Bobbing gently at anchor in Sydney’s Darling Harbour the transatlantic Swedish steamship ‘Indianic’ had the honour of hosting the inaugural meeting of The Swedish Chamber of Commerce in Australia, New Zealand and the South Sea Islands, the date was 13 March, 1911. Barely 10 years after our fledgling nation had been formed and following a scant four years behind the formation of the Swedish Chambers of Commerce in New York and London it imbues our Chamber with the prestigious title of being the third oldest in the world.
Commercial enterprise in our waters was not a recent occurrence in 1911, ships from Sweden and other far flung nations had been plying their trade here since the late 1800’s. The convict settlement established here by Great Britain was a great attraction for the commercially minded Swedish sailing ships and the 1901 Federation merely strengthened these commercial ties.
Europe in 1911 was in turmoil and the political situation curtailed the Swedish trade with its European neighbors. As the state of affairs plummeted into the First World War in Europe Sweden looked with renewed interest across the Atlantic to Australia for trade. Despite great odds goods and merchandise still found their way across the war zone, frequently through British links to Australia and more often than not, with the blessing and assistance of the Chamber.
The end of WWI saw a significant number of Swedish business men and women living in Australia often as representatives of Swedish companies and manufacturers. The Swedish Chamber of Commerce in Australia, New Zealand and South Sea Islands Inc., was active in promoting the commercial interests of this sector facilitating the expansion of the Swedish business interests in the Southern Hemisphere. One early director of the Chamber, Mr Nelson of Nelson and Company, the indent merchant and manufacturer’s agent, represented 9 Swedish suppliers. Another Swedish backed company Sonnerdale, imported Swedish machines and parts, which were incorporated into the finished product manufactured in Sydney and sold locally.
Swedish trade with Australia has historically favoured Sweden, a trend that has strengthened over the years. We as a primary producer have always created an attractive destination for Swedish manufactured parts and goods. This was certainly the case in 1930 where the two way trade was two to one in favour of Sweden but the commercial arrangement was soon to be threatened once more by world affairs as WWII erupted and threatened the possible cessation of exports from Sweden reaching Australia. The foreign policy of neutrality adopted by Sweden during the war, coupled by its geographical position compounded the problem. As Scandinavian neighbours and Russia either fell to the German Reich or formed an allegiance with the aggressor, Sweden was virtually locked in. Australia however was not capitulating quietly, Captain Lundgren, a strong president of the Chamber for 20 years, supported by fellow directors actively pursued avenues to keep the trade going to survive this commercial glitch. The Chamber, with headquarters in Sydney, regularly produced bulletins and publications for members closely monitoring changes in the Australian economy and opportunities across the sea. It took on the role as a trade facilitator between Sweden and Australia keeping the lines of communication open by mail and cables. New Guinea added to the Southern Hemisphere’s attraction offering opportunities for planters and traders to settle in the area. One of the early Swedish Directors of the Chamber, in fact, lived in New Guinea and with numerous agencies for Swedish suppliers/ exporters to New Guinea and the neighbouring South Seas islands.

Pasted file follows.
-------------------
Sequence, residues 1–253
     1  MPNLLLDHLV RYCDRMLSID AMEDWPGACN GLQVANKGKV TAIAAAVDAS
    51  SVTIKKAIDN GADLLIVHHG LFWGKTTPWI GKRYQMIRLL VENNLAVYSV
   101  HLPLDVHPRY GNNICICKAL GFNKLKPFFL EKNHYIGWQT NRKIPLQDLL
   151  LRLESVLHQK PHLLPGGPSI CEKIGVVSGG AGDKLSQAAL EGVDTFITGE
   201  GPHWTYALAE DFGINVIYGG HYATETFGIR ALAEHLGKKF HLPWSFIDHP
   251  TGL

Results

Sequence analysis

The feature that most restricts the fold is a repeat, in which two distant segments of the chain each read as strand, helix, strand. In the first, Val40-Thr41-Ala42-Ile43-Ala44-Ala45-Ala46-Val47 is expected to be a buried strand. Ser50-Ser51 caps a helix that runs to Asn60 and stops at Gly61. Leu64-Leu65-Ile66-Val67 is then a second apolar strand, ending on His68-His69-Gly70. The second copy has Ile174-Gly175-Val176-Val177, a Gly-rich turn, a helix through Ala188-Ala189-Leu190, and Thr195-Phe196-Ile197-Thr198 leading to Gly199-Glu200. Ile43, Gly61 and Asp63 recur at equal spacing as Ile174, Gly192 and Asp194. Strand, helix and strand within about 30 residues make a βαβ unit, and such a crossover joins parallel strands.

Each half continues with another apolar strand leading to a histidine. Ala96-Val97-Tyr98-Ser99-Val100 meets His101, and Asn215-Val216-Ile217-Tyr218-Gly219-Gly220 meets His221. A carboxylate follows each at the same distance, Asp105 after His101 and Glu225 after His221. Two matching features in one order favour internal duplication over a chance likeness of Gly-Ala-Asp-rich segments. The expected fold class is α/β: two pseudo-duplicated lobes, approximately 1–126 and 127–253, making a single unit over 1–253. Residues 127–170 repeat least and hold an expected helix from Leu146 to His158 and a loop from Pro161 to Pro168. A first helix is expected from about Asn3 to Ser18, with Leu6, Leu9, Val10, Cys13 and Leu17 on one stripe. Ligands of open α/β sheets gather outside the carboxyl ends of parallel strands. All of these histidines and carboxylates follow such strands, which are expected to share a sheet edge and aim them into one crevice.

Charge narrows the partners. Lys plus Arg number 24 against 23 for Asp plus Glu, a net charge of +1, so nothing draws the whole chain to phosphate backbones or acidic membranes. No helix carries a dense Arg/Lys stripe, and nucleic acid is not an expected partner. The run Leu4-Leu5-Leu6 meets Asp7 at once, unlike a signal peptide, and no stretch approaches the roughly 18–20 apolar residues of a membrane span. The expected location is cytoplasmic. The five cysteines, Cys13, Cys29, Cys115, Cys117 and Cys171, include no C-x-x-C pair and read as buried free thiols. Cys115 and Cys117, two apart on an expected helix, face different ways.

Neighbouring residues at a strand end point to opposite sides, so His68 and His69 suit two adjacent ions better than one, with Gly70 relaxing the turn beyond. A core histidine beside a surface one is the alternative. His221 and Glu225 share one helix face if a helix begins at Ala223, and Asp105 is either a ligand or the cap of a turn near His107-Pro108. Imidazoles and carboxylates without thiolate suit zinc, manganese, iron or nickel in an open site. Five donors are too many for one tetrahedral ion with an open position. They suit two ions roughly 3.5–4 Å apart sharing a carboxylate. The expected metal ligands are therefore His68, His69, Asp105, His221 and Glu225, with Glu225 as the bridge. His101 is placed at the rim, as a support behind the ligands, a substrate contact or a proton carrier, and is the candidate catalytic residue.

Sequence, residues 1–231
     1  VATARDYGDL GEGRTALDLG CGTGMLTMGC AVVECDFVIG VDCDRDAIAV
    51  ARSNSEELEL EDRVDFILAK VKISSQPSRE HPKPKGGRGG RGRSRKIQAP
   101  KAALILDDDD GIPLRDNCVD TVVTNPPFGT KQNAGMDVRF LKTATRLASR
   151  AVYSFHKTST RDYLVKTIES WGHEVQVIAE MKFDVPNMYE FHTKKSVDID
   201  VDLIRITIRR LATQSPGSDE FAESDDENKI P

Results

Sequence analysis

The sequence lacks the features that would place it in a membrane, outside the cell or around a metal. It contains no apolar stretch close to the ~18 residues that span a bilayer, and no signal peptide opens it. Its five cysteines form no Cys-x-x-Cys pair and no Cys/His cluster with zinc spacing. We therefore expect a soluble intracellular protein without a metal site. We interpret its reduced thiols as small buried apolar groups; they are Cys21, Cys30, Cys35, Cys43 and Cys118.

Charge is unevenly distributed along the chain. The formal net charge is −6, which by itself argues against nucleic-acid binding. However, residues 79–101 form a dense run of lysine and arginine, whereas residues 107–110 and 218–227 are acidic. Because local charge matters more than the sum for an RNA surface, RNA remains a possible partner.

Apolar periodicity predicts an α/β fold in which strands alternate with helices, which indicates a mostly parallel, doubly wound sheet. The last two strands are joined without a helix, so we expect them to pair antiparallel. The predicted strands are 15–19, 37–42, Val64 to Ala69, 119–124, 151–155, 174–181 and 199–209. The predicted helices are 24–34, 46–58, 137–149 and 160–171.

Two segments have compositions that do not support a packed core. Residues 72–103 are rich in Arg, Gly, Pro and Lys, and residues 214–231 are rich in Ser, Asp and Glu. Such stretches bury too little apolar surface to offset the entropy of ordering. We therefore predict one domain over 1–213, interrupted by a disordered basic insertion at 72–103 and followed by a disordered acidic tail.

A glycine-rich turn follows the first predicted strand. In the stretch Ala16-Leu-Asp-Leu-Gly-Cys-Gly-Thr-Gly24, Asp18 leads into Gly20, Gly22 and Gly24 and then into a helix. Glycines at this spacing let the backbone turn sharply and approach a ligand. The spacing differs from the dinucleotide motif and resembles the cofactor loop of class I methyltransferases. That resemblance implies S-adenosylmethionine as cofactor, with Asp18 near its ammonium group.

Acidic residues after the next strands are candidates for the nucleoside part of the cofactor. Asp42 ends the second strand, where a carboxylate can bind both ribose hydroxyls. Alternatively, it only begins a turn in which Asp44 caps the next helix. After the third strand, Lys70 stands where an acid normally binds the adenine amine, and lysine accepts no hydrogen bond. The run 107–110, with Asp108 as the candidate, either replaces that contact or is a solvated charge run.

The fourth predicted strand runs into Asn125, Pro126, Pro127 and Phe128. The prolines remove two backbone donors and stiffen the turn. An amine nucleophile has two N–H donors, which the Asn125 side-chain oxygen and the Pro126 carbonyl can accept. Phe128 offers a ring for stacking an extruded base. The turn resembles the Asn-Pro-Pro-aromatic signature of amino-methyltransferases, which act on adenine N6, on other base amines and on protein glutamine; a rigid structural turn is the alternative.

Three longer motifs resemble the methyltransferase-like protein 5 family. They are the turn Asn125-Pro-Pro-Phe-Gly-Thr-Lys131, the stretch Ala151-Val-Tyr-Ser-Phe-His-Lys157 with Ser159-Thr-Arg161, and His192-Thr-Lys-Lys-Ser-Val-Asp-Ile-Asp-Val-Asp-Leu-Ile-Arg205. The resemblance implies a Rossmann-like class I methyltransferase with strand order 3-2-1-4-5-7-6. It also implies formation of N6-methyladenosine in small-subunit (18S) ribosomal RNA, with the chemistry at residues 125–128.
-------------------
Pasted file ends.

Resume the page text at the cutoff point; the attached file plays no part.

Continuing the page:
The completion of WWII heralded a significant strengthening of bi-lateral trade between our two nations. Exports from Sweden to Australia rose markedly and several Swedish companies recognized the business opportunities on offer in the Asia Pacific region by establishing their own offices with Swedish staff on our shores. Wool jumped to a record price in the late 50’s early 60’s and Australia, with a merino sheep population exceeding 100 million, was literally “riding on the sheep’s back.
Today the good work of the Swedish Australian Chamber of Commerce lives on, the astute foresight of one hundred years of hardworking directors sees us observing a centenary celebration last year. We now look forward to another hundred years of assisting and encouraging bi-lateral relations between Sweden and Australia in a volatile and exciting global setting.